Another unplanned expense was the considerable cost required to train the IT staff on application and database support. Even after weeks of training, the IT staff was not experts on the system. The first time Frank tried to get support at midnight one Friday evening, he discovered yet another limitation of internal IT support.
At the heart of ASPs are IT best practices, service levels that guarantee competency and protect the customer from outages and disasters and availability 24-hours-a-day.
With enterprise software purchases and implementations averaging $500 thousand to $1 million, companies must implement stringent financial policies to ensure the most favorable ROI. Time and cost overruns are generally the fault of intangible costs and project complexities. It is unlikely that Frank could have proceeded this far if the true cost of the project were revealed earlier.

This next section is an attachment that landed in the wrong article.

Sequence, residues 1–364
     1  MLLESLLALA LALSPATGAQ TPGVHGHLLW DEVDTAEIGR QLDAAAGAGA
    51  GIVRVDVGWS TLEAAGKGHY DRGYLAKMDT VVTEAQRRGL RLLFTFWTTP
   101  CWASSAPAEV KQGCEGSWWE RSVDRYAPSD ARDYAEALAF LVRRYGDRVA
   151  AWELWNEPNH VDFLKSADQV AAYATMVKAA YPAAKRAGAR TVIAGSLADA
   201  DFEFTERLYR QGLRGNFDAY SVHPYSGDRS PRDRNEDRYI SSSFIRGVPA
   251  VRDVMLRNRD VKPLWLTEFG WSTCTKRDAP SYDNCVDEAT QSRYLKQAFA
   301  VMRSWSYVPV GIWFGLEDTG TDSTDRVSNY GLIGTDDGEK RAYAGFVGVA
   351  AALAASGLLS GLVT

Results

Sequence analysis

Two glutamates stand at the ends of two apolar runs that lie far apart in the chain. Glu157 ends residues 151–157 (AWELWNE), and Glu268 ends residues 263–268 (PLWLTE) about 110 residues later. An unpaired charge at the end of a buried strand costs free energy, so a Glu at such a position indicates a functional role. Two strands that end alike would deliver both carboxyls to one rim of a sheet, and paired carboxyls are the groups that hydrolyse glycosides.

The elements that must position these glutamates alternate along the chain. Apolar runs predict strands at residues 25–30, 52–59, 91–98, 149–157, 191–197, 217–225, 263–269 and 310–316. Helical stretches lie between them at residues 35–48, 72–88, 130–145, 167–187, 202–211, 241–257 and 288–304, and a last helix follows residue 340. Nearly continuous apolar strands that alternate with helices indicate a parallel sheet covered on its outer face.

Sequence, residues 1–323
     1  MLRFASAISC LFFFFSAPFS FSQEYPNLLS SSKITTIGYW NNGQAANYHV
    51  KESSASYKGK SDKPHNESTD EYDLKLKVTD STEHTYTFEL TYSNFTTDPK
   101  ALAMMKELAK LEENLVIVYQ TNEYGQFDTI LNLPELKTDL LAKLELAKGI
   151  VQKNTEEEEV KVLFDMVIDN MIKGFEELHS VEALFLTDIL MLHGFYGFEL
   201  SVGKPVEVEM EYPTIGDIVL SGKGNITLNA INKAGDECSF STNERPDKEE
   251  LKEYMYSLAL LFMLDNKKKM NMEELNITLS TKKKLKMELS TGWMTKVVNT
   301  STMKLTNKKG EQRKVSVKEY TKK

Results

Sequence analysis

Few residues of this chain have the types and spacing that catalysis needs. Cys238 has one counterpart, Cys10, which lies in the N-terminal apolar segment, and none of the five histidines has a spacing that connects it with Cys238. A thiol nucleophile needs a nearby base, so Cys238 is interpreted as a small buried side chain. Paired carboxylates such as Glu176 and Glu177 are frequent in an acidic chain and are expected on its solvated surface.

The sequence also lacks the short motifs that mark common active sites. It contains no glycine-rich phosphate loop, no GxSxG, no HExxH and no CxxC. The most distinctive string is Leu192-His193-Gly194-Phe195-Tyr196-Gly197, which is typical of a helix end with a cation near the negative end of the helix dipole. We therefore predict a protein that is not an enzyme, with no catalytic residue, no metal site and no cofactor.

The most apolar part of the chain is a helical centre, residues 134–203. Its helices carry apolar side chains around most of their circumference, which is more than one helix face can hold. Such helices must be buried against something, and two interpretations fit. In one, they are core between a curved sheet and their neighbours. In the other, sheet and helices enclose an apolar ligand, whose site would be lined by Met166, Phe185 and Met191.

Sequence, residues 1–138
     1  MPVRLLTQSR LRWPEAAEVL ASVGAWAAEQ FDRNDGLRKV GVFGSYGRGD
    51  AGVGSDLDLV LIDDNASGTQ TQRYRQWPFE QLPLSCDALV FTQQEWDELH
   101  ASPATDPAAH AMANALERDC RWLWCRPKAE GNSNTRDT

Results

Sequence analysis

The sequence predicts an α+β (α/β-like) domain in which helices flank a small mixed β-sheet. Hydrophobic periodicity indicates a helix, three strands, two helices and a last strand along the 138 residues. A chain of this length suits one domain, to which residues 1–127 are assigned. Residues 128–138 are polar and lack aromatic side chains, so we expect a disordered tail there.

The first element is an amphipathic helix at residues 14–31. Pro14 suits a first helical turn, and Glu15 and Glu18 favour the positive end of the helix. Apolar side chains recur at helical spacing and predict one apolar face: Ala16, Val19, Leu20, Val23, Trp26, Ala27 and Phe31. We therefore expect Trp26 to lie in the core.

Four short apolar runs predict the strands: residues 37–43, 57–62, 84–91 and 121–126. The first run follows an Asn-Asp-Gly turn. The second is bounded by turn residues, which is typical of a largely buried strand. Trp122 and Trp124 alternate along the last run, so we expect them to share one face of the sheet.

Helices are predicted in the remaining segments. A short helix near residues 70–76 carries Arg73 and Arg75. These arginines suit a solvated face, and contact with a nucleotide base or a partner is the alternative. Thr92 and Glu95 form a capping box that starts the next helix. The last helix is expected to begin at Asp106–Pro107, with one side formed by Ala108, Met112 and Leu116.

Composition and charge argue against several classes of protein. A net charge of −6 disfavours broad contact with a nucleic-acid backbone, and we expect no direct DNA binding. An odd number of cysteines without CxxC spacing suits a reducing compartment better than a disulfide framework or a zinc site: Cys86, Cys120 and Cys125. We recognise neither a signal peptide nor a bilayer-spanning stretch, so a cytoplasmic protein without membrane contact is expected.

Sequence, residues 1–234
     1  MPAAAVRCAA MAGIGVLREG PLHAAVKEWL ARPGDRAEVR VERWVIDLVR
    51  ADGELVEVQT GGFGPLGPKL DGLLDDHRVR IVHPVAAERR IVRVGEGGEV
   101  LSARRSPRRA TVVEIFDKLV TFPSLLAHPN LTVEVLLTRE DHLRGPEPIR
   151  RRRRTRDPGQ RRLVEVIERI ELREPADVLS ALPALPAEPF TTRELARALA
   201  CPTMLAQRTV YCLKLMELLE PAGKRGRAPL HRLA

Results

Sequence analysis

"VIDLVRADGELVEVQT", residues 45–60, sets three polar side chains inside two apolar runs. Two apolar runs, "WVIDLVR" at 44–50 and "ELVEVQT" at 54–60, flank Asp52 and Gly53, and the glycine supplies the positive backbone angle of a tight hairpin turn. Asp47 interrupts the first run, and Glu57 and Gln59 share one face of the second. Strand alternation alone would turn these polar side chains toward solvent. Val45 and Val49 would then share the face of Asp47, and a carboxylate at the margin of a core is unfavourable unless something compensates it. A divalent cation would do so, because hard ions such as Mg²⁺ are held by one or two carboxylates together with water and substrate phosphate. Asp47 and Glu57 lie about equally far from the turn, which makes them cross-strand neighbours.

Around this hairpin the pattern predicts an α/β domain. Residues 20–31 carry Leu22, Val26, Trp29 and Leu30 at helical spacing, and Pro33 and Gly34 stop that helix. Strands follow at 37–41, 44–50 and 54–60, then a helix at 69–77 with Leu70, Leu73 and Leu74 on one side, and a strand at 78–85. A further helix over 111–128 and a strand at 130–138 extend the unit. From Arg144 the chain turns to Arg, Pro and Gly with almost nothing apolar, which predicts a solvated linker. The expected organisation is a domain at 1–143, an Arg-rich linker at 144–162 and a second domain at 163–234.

As indicated by the graph below, Frank was surprised by the total cost of the project which uncovered many intangible expenses. Initially, he only considered the software license fee and the purchase price of the servers. Once the project was underway, he discovered that these expenses represented only a third of the project’s total cost.
This example compares a capitalized Client/Server model to a rented ASP model. The models assume a $99,000 client/server license fee, and $300 per concurrent user per month rental fee for 10 users. This graph represents the total cost for a 5-year period.